If you’re hungry while in town, you might stop at the Iron Horse Café, a restaurant that specializes in soups and pies. It’s been owned and operated since January 2018 by Jamie and Parker Taylor. The couple bought the restaurant after Jamie lost her job in 2017 and she was home testing pies for Thanksgiving. The pies were apparently a hit from the moment the Parkers started serving them. The Iron Horse was relegated to take-out food only during the height of the COVID-19 pandemic last year, but it is now providing indoor service again.
We hop back on Interstate 90, this time headed east.
It’s a city whose economy is changing but not to the delight of everyone here.
Native tribes, in particular the Crow, lived in this region they called the “Valley of the Flowers.”
The town was founded in 1864 by John Bozeman, the pioneer of the Bozeman Trail that was in essence a shortcut to Montana’s gold fields in the 1800s. The area’s fertile land attracted settlers, many of whom grew potatoes and wheat. Fort Ellis was built in 1867 and the Northern Pacific Railway arrived in 1883. The area’s first cattle ranch established in 1886. Montana State University was established in 1893.
In early 1900s, peas were planted in the Gallatin Valley. Several processing facilities opened in Bozeman. At one time, the valley produced 75 percent of the seed peas in the nation.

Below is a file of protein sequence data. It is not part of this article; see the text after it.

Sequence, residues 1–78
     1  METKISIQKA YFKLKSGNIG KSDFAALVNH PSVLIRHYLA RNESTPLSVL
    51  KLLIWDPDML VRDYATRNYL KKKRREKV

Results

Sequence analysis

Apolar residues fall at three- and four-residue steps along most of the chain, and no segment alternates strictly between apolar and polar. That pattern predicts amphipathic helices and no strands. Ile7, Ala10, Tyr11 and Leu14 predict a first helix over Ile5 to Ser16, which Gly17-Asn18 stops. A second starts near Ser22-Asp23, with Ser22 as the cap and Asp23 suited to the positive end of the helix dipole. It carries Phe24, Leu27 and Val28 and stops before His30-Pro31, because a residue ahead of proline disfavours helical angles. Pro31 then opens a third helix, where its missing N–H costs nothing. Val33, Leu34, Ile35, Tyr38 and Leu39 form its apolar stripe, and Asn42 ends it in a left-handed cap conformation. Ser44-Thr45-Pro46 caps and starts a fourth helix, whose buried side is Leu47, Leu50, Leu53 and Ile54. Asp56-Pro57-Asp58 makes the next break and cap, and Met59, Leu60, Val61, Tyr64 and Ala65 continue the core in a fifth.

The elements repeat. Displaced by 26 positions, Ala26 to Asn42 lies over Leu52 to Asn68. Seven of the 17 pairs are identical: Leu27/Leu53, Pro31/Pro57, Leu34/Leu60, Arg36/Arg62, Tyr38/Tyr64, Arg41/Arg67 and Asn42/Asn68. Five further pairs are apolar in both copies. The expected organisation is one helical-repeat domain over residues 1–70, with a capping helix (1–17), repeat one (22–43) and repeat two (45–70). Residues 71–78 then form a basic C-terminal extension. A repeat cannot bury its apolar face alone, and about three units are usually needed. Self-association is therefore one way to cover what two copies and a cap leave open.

The region was once served by Hiawatha Railroad trains that chugged between Chicago and Seattle through Bozeman, Billings, Helena and Missoula. That line was shuttered by Amtrak, but residents of rural Montana are hoping President Joe Biden, a big fan of trains, may find a way to bring it back.
Even without the Hiawatha line, the economy in the Bozeman area has been booming lately with high tech, biotech and software companies. It was reported that in 2019 Montana’s high tech sector was growing 9 times faster than the state’s overall economy. That pace continued into 2020. Last year, the Montana High Tech Business Alliance touted Bozeman as the state’s tech hub due to the presence of Montana State University and other factors.
For some residents, all this growth is a bit too much. They aren’t keen on large companies from out of state plunking down in a state that was built on home-grown industry. Some even drive with bumper stickers on their cars that say “Make Bozeman Montana Again.”
There are some places to visit here that are very Montana.
Bozeman is the locale for the Museum of the Rockies. The facility, which opened in 1957, has exhibits that include dinosaur, the cultural history of Montana and the history of Rocky Mountains. It also houses the Siebel Dinosaur Complex with a vast collection of Tyrannosaurus Rex specimens.
The town is also home to the Montana Grizzly Encounter, which opened in 2004. The facility provides a sanctuary for grizzly bears born in captivity as well as educating the public about the animals.
Finally, Bozeman is the headquarters of the American Prairie Reserve, an effort that began in 2000 with its first property purchased in 2005. The organization’s goal is to turn open land in the high plains surrounding the Missouri River in northeastern Montana into the largest national reserve in the continental United States.
In their book “Our Towns,” James and Deborah Fallows detail how the trust is buying ranch land as well as taking over leases of government acreage. They take down fences and halt grazing practices to return the land to natural habitat for bison, antelope, wolves, prairie dogs and other animals.
The group began a 15-year Land of Legacy campaign in 2016. The ultimate goal is to preserve 3 million acres, a campaign that could cost as much as $500 million.